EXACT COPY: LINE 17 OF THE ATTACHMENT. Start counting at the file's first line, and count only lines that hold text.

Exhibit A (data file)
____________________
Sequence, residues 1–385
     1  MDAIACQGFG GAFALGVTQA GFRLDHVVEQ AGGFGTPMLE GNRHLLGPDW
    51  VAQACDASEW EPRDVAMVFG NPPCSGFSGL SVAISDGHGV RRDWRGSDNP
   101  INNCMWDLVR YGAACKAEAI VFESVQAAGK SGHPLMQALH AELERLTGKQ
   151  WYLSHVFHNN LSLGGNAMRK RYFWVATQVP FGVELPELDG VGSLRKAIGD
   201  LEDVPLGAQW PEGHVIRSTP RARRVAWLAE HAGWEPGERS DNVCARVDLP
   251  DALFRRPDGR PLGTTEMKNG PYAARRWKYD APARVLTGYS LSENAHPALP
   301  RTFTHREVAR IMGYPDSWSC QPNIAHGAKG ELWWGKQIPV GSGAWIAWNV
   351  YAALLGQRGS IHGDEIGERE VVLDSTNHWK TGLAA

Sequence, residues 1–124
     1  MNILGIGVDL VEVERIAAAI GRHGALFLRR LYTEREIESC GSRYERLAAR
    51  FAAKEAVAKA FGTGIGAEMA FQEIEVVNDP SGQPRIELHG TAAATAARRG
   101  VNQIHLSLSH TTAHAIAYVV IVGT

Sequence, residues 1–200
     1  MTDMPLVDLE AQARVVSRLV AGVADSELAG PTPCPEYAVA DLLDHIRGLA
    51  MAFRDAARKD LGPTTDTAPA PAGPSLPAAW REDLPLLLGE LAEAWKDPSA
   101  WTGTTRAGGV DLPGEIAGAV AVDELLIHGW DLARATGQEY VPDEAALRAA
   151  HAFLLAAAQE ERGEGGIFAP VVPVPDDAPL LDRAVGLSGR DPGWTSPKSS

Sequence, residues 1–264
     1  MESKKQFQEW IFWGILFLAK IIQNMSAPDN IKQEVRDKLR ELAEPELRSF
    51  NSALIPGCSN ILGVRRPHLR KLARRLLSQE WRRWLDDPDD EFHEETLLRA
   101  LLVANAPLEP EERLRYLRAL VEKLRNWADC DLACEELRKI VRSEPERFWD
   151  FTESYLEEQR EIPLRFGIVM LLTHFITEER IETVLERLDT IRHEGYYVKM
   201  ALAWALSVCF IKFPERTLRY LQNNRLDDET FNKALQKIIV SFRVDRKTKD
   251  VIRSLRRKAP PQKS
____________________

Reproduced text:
   101  WTGTTRAGGV DLPGEIAGAV AVDELLIHGW DLARATGQEY VPDEAALRAA